High hopes as EAC begins journey to single currency

L-R: Presidents Pierre Nkurunziza of Burundi, Jakaya Kikwete of Tanzania, Uhuru Kenyatta of Kenya, Yoweri Museveni of Uganda and Paul Kagame of Rwanda display the signed Monetary Union treaty at Speke Resort Munyonyo yesterday. PHOTO BY STEPHEN WANDERA.

What you need to know:

Other issues that the Summit agreed on include extension of the jurisdiction of the East African Court of Justice to adjudicate on trade and investment, and matters associated with the East African Monetary Union.

Tanzania’s President Jakaya Kikwete yesterday joined his Kenyan, Ugandan, Rwandan and Burundian colleagues in Kampala to sign the East African Community Monetary Union Protocol.

This puts to rest earlier speculation that Tanzania was reluctant to sign the regional framework. Tanzania argued that its slow decision was dictated by the need to get the input of its citizens.

Kenya’s president Uhuru Kenyatta, said now that the five heads of state have appended their signatures to the document, their economies would benefit immensely.

The Tanzanian president sat closer to his Burundian counterpart throughout the EAC Extraordinary Summit.

“As we integrate, we cease to be a group of neighbouring nations and become one people. I assure all that our Community is strong and your leaders’ commitment to it is unwavering. Let us all put an end to unnecessary rumour mongering,” President Kenyatta said drawing applause.

He, however, added that it would be necessary for the Community to intensify civic education and sensitise all East African citizens about the benefits.

According to a communiqué issued by the EAC Secretariat at the end of the summit, all the partner states should conclude the ratification of the Protocol by July 2014.

The Council of Ministers is expected to implement the road-map of a single currency. The Community will have to establish the East African Monetary Institute, the East African Statistics Bureau, the East African Surveillance Compliance and Enforcement Commission and the East African Finance Commission to implement the Monetary Union.

The Council of Ministers is also expected to appraise the Summit on the progress of the implementation of the road-map to a single currency at every ordinary summit.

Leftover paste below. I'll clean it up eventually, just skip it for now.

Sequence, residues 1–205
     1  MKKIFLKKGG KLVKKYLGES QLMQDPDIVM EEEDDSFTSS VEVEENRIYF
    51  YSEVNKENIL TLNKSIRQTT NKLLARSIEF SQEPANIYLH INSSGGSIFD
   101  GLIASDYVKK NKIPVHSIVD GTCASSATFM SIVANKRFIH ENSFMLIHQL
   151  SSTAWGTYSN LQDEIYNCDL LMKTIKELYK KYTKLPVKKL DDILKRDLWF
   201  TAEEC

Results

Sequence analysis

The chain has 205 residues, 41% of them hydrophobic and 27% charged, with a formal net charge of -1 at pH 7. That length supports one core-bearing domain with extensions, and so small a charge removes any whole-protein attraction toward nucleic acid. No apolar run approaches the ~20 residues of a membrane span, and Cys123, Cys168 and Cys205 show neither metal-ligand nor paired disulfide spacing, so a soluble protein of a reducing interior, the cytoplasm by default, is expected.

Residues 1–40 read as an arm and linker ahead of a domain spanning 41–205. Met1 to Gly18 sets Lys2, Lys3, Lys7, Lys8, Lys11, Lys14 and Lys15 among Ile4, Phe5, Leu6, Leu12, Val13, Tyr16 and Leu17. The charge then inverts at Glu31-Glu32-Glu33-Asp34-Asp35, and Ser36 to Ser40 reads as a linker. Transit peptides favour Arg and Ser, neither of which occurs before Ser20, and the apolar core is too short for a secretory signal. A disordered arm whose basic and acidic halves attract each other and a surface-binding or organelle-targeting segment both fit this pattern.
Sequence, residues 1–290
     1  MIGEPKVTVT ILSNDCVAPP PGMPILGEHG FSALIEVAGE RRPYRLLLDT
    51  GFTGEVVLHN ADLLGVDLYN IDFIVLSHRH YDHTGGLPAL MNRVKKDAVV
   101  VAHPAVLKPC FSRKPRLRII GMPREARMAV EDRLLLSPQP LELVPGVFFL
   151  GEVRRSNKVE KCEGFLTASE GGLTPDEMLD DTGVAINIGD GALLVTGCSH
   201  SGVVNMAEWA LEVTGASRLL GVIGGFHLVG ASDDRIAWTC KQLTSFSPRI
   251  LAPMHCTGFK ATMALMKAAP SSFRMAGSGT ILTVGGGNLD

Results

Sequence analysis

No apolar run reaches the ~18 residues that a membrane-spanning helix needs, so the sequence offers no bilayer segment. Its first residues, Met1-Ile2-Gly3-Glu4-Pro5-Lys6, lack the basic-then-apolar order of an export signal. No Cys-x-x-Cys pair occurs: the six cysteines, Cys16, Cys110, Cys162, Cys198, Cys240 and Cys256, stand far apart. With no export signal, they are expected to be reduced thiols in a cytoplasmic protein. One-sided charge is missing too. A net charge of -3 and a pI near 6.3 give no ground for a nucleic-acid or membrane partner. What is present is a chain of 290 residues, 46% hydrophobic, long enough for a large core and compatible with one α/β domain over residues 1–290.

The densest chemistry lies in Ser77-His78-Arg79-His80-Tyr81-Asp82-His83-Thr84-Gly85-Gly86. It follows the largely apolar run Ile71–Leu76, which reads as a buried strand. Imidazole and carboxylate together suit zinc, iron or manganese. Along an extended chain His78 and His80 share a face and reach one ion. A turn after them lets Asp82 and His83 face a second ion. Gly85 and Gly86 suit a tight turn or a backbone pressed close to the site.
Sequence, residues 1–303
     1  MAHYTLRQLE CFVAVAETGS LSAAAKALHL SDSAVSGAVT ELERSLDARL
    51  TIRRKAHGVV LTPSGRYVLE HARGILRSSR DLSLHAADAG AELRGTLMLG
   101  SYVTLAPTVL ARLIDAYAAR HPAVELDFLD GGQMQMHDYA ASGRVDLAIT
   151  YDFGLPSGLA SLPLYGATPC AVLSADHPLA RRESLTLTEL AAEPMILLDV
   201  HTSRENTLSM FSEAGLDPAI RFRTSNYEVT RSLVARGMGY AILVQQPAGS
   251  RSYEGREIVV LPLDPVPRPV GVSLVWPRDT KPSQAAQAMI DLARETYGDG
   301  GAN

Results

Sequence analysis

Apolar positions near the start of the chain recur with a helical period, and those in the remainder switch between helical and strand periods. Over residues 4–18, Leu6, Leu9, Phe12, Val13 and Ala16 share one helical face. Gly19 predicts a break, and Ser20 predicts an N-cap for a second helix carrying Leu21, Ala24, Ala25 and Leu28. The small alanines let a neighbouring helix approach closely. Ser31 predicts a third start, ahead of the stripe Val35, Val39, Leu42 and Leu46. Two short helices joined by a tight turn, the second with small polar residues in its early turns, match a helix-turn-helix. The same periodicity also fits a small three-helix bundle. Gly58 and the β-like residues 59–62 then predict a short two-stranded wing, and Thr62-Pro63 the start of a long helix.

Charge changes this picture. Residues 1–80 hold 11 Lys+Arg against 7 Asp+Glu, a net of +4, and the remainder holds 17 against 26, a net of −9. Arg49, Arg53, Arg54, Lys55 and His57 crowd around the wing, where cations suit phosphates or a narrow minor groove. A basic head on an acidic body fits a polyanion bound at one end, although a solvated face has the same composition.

Other issues that the Summit agreed on include extension of the jurisdiction of the East African Court of Justice to adjudicate on trade and investment, and matters of the Monetary Union.

The Summit directed the Council of Ministers to take up the matter of human rights and crimes against humanity.

The Summit directed that the East African Passport be launched by November 2015.

The Summit discussed the prevailing security situation and the need for concerted efforts towards combating terrorism and negative forces in the region.

It further noted the recent security developments in Somalia and asked all the parties to embrace dialogue and create an enabling environment for implementation of Somalia’s Vision 2016 and to facilitate elections by 2016.

It took note of the UN Security Council’s resolution 2024, adopted on November 12, 2013 regarding enhancing the military capacity of Amisom and the Somali army and called for a review of the resource package to sustain the military campaign against al-Shabaab.

The Summit reiterated its continued support for the government of Somalia and called on the international community to support economic, social and political interventions to enable the Somali government fulfil its obligations.

Meanwhile, President Museveni has lashed out at people who employ tribalism and religion to divide the population, particularly against the regional integration, a process he said has the cure to the biting poverty and low income levels that a section of the population is grappling with.

Speaking in at Kololo Ceremonial Grounds in Kampala after the signing of the Monetary Union Protocol, President Museveni equated the forces that are against EAC integration to daydreamers.

He said: “Those who are talking about tribes and religion are the kind of people who are sleeping during the day—out of touch with the reality.”

He continued: “The bigger the market, the better for businesses. I can tell you that if I am selling my milk, I wouldn’t care about religion or your tribe.”

Opportunity for wealth
According to the President, the regional integration provides Ugandans with opportunity to tap more wealth for themselves, develop their country through inter-regional trade and ultimately walk out of poverty as a result of increased income got by the virtue of the larger EAC market.

“The strength is on numbers,” President Museveni said before expressing regrets on behalf the other heads of state, namely President Uhuru Kenyatta, President Jakaya Kikwete, President Paul Kagame and President Pierre Nkurunziza whom he said were not able to make it to Kololo to address the public about the protocol they signed earlier in the day.

According to the President, the four Heads of State decided to retire for lunch and thereafter would be flying back to their respective countries.

And for that, there wasn’t enough time for them to make it to the ground as earlier scheduled.

President Museveni further said the regional market has numerous advantages over the local ones where only similar commodities are produced and traded.

He said: “I am a cattle keeper and so are the people around me. This means If I want to do business, I have to look at people who do not have milk and sell my product to them. And that is where the regional market is important.”

He added that the wider EAC market comes in handy when there are issues with local markets in urban areas and cities.

He argues that should there be a problem with Kampala, which is the biggest market in the country, produce and other local products will simply find its way to the regional market, an alternative he said is good for the country.